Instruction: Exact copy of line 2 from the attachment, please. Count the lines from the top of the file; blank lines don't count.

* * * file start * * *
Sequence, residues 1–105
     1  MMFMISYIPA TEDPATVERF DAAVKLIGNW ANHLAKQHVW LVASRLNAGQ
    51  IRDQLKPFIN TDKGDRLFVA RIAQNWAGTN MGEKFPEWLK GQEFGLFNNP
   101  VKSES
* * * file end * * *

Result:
     1  MMFMISYIPA TEDPATVERF DAAVKLIGNW ANHLAKQHVW LVASRLNAGQ